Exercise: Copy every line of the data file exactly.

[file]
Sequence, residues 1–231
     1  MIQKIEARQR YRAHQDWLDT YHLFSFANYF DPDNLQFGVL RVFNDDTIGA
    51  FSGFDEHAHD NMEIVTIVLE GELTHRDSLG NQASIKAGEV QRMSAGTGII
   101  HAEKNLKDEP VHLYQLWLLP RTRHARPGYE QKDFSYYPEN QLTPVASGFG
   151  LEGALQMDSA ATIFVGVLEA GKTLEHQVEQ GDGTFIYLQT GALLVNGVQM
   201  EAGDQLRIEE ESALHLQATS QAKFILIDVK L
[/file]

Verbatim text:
Sequence, residues 1–231
     1  MIQKIEARQR YRAHQDWLDT YHLFSFANYF DPDNLQFGVL RVFNDDTIGA
    51  FSGFDEHAHD NMEIVTIVLE GELTHRDSLG NQASIKAGEV QRMSAGTGII
   101  HAEKNLKDEP VHLYQLWLLP RTRHARPGYE QKDFSYYPEN QLTPVASGFG
   151  LEGALQMDSA ATIFVGVLEA GKTLEHQVEQ GDGTFIYLQT GALLVNGVQM
   201  EAGDQLRIEE ESALHLQATS QAKFILIDVK L